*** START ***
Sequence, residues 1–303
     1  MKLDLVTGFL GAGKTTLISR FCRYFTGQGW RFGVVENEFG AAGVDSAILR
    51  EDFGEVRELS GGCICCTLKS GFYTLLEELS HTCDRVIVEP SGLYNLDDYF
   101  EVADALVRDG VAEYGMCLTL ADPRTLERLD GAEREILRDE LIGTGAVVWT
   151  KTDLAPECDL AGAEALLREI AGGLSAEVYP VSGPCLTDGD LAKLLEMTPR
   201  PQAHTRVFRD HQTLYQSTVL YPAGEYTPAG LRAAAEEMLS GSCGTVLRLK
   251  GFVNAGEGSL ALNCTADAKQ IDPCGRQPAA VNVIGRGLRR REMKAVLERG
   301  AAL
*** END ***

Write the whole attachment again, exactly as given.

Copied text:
Sequence, residues 1–303
     1  MKLDLVTGFL GAGKTTLISR FCRYFTGQGW RFGVVENEFG AAGVDSAILR
    51  EDFGEVRELS GGCICCTLKS GFYTLLEELS HTCDRVIVEP SGLYNLDDYF
   101  EVADALVRDG VAEYGMCLTL ADPRTLERLD GAEREILRDE LIGTGAVVWT
   151  KTDLAPECDL AGAEALLREI AGGLSAEVYP VSGPCLTDGD LAKLLEMTPR
   201  PQAHTRVFRD HQTLYQSTVL YPAGEYTPAG LRAAAEEMLS GSCGTVLRLK
   251  GFVNAGEGSL ALNCTADAKQ IDPCGRQPAA VNVIGRGLRR REMKAVLERG
   301  AAL